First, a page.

Section: African Methodist Episcopal
Material: Brown sandstone
Misc.: A small, but thick stone, it is in very good shape for its age with some chipping around the edges and a small spots of lichen. It predates the establishment of the African Methodist Episcopal Church and Dick does not appear in the massive list of graves inventoried by the Albany Common Council prior to the removal to the Rural Cemetery. However, that list is not complete. There are quite a few graves now in the Church Grounds that were not printed in the inventory, perhaps omitted by mistake as the stones were transcribed. He may have originally been buried in the previous municipal cemetery which stood just off Eagle Street south of the State Capitol. This cemetery received burials from around 1789 to 1799, the same year Dick died or he may have been buried in one of the small graveyards identified on period maps as “Negro Burying Grounds” There is also a possibility that he was buried in a family plot at the Dutch Reformed Church’s graveyard and was among the headstone found in later excavation, then placed in the vault of the Madison Avenue Reformed Church prior to being moved to the Church Grounds.
Inscription: DICK Slave of John F. Pruyn, Died Nov’r 15, 1799 aged 16 Yrs, 8 mos.
Nothing is known about this young man beyond the inscription on his gravestone. John F. Pruyn, a well-known skipper and merchant, was the owner of at least six slaves whom he began to gradually emancipate not long after Dick’s death. Exactly why Dick was provided with a headstone in an era when most slaves and even freed blacks were buried in unmarked and now lost graves is also unknown.
In Search of Dianna Mingo
A Colonel and A Faithful Slave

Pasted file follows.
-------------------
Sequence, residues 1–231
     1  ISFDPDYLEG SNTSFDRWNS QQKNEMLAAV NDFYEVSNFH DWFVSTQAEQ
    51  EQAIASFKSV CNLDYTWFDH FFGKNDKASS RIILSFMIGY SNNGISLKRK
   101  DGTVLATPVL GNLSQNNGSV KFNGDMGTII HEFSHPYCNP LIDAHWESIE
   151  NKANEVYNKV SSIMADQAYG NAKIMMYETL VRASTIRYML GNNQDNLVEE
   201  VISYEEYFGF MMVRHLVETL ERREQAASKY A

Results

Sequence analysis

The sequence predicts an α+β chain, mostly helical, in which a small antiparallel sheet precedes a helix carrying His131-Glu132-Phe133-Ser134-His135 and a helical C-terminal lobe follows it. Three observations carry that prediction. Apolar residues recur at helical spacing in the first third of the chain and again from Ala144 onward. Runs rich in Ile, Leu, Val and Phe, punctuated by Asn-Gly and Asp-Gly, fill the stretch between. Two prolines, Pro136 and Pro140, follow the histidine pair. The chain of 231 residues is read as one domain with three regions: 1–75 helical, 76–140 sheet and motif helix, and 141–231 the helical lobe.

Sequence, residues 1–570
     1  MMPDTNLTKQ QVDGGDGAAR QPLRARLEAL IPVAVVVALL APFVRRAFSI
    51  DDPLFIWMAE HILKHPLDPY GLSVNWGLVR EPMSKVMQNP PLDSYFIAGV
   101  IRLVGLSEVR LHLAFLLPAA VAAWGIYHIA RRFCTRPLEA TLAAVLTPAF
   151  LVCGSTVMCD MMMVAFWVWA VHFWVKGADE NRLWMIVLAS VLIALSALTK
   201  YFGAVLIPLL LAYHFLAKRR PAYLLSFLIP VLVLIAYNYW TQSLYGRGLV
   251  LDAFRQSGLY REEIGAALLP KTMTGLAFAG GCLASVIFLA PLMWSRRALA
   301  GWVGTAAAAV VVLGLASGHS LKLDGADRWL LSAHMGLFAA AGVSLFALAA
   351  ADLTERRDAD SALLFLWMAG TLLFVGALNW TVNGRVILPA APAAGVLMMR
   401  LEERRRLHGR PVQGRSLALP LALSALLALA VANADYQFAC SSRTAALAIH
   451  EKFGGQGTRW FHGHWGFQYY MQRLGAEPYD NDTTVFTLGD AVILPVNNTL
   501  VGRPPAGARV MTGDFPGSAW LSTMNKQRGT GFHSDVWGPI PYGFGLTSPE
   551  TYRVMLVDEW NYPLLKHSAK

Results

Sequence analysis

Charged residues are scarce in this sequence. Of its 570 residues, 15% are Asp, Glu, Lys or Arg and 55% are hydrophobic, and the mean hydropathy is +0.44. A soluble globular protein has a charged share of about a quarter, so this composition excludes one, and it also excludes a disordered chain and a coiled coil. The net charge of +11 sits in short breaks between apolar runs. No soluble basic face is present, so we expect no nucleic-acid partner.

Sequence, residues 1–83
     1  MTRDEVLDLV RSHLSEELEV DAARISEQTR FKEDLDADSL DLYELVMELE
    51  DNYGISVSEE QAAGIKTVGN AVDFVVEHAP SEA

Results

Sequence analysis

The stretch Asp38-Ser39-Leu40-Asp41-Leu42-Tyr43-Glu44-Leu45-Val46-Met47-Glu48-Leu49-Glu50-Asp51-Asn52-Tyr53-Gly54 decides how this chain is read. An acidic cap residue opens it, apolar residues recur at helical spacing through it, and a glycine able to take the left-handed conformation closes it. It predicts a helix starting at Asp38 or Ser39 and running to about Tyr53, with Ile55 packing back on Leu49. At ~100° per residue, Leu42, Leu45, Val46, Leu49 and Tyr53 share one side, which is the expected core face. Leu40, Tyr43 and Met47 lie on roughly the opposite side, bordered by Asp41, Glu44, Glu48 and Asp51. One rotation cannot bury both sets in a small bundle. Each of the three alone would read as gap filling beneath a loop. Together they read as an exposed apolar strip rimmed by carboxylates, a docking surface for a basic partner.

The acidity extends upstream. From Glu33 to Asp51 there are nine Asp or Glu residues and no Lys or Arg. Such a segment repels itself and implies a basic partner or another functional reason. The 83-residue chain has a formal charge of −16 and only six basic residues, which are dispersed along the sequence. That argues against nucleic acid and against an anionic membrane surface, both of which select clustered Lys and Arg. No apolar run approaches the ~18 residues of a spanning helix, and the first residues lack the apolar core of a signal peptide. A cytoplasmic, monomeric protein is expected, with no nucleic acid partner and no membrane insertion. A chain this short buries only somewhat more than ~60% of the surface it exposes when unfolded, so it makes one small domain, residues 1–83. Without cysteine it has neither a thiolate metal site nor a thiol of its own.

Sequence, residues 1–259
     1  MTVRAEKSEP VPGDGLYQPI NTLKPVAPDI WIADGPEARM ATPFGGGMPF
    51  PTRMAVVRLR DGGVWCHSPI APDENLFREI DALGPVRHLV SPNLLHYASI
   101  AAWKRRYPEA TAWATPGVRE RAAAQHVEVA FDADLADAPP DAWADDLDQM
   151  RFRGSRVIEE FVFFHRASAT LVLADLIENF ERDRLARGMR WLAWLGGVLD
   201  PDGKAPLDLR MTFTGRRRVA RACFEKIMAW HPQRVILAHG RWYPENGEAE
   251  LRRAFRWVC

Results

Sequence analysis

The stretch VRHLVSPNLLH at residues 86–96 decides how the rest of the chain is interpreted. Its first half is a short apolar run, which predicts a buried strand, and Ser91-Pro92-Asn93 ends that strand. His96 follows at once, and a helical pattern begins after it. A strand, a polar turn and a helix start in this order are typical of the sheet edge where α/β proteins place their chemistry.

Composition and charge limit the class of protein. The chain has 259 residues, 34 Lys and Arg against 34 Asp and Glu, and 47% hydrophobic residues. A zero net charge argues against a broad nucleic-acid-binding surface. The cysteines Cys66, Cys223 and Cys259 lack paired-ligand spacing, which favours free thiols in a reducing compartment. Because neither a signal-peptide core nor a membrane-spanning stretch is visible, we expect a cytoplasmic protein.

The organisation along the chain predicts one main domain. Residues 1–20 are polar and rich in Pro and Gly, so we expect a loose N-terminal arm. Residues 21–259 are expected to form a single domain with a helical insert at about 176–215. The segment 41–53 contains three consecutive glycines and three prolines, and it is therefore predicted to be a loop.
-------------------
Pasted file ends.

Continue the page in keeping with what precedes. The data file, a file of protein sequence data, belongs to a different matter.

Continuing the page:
Not The Right Stones (Dick’s headstone is also discussed here)
These are two of the most distinctive gravestones in the Church Grounds; both feature soul effigies which can be attributed to known carvers.
Section: First Presbyterian Church
Inscription: This stone records the death Thomas Smith Diamond Who departed this life July 18th, 1796. Aged 59 years. Also Mary Diamond Relict of the above who departed this life December 16th, 1817 Aged 79 years.
This stone is in reasonably good condition with no visible breaks, although the lower half is embedded in the earth and exposure to the elements has darkened the white marble to a dull gray. It remains legible.
Thomas Diamond was reportedly of Huguenot ancestry. He is known to have been a member of the Albany Masonic Lodge and to have served in the Albany militia during the Revolution as he was granted a land bounty after the war. A carpenter by trade, he worked on the building of the Van Rensselaer Manor. Before settling permanently in the city of Albany, he lived for a time in Lansingburgh and his son, William, was said to be the first male child born there.
Mary Diamond’s maiden name was McLane. After Thomas’ death, she is known to have lived at 109 Lydius Street (now Madison Avenue near South Pearl Street).
Section: Dutch Reformed
Material: Brown sandstone
Misc.: Small, faint carvings can be see at the bottom edge of the stone (which would have been underground when the stone was upright in its original location) and include the number 73.
Inscription: In Memory of Andrew Abel who departed this life October 5th 1793 Aged 48 years and 11 Days
This stone has some minor damage to the lower half and some minor scaling of the stone the beginning of the last line of text, but is very legible.
Andrew Abel was born in Hanover, Germany and emigrated to Albany sometime prior to 1768 when the first local written record of him appears. Abel served as a constable and firemaster in Albany where he married Anna Marshall in 1771. He also served as an apprentice to shoemaker Jacob Groesbeck.